Are These Classic Egg Dishes Your Favorite Breakfast?

Do you believe that breakfast is the most important meal of the day?  If your answer is “yes” then you probably start your day with a hearty meal: maybe eggs and bacon or sausage with toast and jam; perhaps oatmeal and fruit with coffee and orange juice.  It’s a smart way to start a long day.  Or maybe you just really like the savory, salty, sweet combinations associated with breakfast?  Either way, a morning meal at a franchise Ben et Florentine might be right up your alley.

EGGS BENEDICT

This is a popular breakfast item that is now served in countless variations across the world.  However, the original eggs benedict dish first became popular in New York City.  Sure enough, as soon as it was introduced it quickly grew to become one of the most commonly request brunch and breakfast menu items in restaurants throughout the United States.

In case you have never experienced this perfect bite, eggs benedict is simply a poached egg rested on top of a slice of Canadian bacon stacked on a toasted English muffin and then smothered in Hollaindaise sauce.  Again, it is simple, and such a global favorite that you can different regional variations that use spinach or tomato or avocado or introduce chorizo or bacon or even exotic cheese varieties like swiss or brie.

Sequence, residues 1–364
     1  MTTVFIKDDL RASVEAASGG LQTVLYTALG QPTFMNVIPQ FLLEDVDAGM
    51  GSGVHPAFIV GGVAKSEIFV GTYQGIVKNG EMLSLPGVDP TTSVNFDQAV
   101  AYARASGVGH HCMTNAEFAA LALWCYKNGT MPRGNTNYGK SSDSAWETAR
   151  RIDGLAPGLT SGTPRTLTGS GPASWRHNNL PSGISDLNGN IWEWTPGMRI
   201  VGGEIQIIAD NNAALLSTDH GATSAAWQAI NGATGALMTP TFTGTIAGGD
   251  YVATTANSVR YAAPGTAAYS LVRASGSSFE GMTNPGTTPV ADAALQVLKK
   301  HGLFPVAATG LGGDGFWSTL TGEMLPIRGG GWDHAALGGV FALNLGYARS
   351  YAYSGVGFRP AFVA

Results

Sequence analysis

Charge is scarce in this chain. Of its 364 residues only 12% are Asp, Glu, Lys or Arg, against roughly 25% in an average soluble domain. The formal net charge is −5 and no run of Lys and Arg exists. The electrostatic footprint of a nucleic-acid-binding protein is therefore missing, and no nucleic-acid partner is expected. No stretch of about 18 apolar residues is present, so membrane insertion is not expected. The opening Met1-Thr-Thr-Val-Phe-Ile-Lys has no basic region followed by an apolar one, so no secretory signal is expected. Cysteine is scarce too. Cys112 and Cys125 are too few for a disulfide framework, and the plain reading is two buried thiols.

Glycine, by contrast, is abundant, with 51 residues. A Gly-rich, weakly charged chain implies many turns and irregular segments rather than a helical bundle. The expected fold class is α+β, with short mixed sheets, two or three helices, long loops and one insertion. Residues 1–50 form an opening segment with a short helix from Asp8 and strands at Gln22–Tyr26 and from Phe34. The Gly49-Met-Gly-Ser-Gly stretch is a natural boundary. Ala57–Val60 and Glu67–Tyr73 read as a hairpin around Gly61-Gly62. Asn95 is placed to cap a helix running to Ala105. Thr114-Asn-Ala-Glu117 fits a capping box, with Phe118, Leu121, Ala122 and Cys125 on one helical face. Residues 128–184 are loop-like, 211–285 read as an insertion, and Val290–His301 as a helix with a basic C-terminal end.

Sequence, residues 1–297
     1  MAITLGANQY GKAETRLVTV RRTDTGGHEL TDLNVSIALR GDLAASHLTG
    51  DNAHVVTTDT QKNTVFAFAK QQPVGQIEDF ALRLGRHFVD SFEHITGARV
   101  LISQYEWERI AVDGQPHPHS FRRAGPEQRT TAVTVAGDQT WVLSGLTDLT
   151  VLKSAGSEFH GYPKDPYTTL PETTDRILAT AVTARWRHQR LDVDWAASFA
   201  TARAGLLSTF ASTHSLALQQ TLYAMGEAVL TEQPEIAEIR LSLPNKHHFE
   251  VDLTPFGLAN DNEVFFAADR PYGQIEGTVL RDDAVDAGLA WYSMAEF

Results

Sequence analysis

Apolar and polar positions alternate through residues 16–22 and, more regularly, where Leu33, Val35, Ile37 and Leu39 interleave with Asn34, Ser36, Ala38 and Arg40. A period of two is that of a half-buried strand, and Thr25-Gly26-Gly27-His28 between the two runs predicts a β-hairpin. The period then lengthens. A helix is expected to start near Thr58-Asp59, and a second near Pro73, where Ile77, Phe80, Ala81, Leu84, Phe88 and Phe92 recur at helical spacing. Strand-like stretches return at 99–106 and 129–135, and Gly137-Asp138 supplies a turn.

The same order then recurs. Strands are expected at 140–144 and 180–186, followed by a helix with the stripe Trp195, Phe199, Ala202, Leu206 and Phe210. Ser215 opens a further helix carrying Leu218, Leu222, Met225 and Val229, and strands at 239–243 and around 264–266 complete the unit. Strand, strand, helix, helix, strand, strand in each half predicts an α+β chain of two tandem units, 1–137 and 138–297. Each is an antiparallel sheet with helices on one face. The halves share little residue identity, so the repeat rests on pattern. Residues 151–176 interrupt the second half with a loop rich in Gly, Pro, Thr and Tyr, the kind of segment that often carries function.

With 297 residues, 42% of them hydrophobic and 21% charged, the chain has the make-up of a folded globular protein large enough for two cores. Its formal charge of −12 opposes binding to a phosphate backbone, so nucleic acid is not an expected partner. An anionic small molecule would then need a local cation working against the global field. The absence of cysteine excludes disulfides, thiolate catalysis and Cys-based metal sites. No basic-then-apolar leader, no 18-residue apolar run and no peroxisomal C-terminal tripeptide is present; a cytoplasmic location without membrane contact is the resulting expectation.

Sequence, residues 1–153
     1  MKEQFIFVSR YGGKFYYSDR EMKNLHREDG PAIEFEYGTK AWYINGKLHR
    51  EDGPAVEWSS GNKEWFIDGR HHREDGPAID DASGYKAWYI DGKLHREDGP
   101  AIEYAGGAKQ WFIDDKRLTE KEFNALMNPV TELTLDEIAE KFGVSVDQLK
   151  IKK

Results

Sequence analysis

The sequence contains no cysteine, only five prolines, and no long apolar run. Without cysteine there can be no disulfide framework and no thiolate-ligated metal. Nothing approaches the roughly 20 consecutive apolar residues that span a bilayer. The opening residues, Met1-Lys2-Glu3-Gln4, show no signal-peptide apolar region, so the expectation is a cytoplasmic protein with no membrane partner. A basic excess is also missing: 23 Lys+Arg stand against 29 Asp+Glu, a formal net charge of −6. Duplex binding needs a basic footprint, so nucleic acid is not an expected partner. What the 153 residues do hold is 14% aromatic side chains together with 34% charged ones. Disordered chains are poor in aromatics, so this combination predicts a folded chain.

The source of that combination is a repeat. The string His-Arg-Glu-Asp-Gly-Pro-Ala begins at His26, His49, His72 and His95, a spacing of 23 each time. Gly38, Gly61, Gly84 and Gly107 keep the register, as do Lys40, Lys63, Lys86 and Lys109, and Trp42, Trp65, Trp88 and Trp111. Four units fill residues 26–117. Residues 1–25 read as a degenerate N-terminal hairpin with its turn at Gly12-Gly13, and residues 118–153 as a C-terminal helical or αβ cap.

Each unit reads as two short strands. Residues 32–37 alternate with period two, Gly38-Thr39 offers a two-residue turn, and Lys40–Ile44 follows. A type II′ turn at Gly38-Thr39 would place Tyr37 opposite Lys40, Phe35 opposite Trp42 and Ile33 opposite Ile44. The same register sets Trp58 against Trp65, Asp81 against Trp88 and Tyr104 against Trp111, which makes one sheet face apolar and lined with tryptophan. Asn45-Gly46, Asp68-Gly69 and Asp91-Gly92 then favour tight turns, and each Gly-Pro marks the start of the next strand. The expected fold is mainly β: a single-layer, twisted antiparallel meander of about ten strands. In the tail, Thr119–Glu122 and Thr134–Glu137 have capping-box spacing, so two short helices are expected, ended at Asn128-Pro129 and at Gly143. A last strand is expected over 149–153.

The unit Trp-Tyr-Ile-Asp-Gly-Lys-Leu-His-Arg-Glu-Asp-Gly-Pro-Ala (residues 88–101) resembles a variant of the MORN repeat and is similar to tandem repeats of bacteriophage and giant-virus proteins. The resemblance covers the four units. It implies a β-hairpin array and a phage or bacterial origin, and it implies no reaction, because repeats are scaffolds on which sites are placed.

AN OLD FASHIONED OMELETTE

If you really want a simple breakfast packed with both flavor and nutrients, though, you can’t go wrong with a classic omelette. This is just several eggs, of course, whisked and beaten together and then poured thinly into a skillet. Then you add vegetables, fruits, cheese, meats, and anything else, really; and then fold the eggs over as they cook so that all the ingredients are inside.  Favorite omelett ingredients include: onions, mushrooms, spinach, tomato, cheddar cheese, bacon, and sausage.

The rustic French roots of the omelets date as far back as the 16th century, but that was only when they first started to use the term “omelet.” indeed, it is likely the recipe was in existence for much longer—perhaps even for 200 years before this.